Local food activist makes the farm-bike-sailboat connection

Buffered Bike Lane with a bike symbol and arrow pointing forward

Part of the farm-bike-boat delivery team at
last year’s Village Building Convergence on
the dock at OMSI.
(Photos courtesy of CultureChange.org)

Jan Lundberg moved to Portland a year ago because it seemed like the best place to pursue his intersecting passions for food security, peak oil, bicycles, and sailing.

These passions will be coming to fruition later this month when the oil analyst’s brainchild, the Sail Transport Network, will launch into its first major, ongoing local venture. Lundberg is finalizing plans to deliver malted grain from Vancouver, Washington to a brewery further down the Columbia River by a combination of cargo bike and sailboat.

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Vegetable spokecards and a fun Saturday ride

Buffered Bike Lane with a bike symbol and arrow pointing forward

Vegetable spoke cards inspire bike2market riders
(Photo by Dan Liu)

One of the best things about living in Portland is meeting other fun people and their bikes, and going on group rides lends a bit of camaraderie to a sometimes-lonely activity. Last year, on one of his weekly rides to the Portland Farmers’ Market at PSU, Sean Sullivan decided his life would be not unimproved by a little more fun and camaraderie, in addition to the two staples of biking and local produce.

What does it take to organize a ragtag bunch like this? “I just announced it to friends Facebook, Twitter, the Shift list, even Craigslist…and people show up,” said Sullivan, who has dubbed his effort “bike2market.”

The ride meets at Ladd’s Circle every Saturday at 9:30am. So far, the rides are small, manageable and growing: two weeks ago when I tagged along, there were seven of us, double the last week’s attendance.

Sullivan says that he’d eventually like to start other, simultaneous rides around town. “What I’m hoping to do is eventually organize rides in North or Northeast Portland, but this one needs to become self-sustaining first — maybe, twenty committed riders a week.”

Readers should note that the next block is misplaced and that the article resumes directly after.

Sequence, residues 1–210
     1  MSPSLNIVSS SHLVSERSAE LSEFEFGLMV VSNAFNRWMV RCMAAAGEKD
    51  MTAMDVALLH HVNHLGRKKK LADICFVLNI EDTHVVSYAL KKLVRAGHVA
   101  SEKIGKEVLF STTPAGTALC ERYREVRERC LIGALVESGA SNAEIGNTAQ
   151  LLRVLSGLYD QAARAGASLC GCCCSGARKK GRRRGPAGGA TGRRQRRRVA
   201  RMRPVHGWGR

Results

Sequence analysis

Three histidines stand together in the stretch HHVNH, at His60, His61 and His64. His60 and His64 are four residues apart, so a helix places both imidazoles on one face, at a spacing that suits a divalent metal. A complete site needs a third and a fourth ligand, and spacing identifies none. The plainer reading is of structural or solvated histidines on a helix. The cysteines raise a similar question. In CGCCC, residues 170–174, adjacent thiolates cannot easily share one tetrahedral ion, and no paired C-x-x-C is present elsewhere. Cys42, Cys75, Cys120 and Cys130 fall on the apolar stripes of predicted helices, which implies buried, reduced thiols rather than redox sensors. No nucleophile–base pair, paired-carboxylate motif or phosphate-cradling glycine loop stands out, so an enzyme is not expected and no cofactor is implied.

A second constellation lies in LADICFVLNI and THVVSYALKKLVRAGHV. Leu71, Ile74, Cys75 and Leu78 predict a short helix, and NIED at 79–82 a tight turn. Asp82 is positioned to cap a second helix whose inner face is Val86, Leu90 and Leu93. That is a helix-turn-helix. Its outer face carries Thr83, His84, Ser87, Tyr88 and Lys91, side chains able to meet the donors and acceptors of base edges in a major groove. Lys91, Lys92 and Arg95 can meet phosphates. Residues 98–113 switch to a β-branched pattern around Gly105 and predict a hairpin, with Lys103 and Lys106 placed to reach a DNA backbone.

As a bonus for coming along with Sullivan, each of us received a collectible vegetable spoke card which he had designed, printed, and laminated as a fun bonus. With this year’s farmers’ markets stretching all the way to mid-December, collecting ’em all will be only for the truly ambitious — and the pair of Brompton riders who came along for the ride certainly do not have enough spokes.

Speaking of which: there is, as always, a fine line between the beautifully practical and the wonderfully ridiculous, all of which are on display on any group ride. In addition to the Brompton afficionados with their integrated front-mounted messenger bags (!); and one participant sported a vintage mountain bike paired with a custom powdercoated, bright red Bob trailer that matched the bike frame.

If you too, want to ride with a group in style to the Farmers Market on Saturday, you can meet-up with Sean and the group, Saturdays, 9:30am at Ladd’s Circle, in front of Palio. Go get your vegetable spoke card!

May is Bike Month at Portland Farmers Market

Buffered Bike Lane with a bike symbol and arrow pointing forward

Portland Farmers Market has announced that this May will be their first-ever Bike Month at the Market.

Throughout the month, the Saturday PSU Market will host a bike booth featuring bike displays, bike inspections and biking experts to provide market-goers with the information and inspiration to tote their produce and artisan foods home on two wheels instead of four.

According to a survey conducted at the market, 60% of shoppers arrive by car. And a visit on any Saturday morning finds a serious parking deficit and slow-circling cars hunting for a spot near the booths. Market organizers say they hope that Bike Month will help solve the parking problem as well as encouraging the community to make the connection between local food and sustainable transportation.

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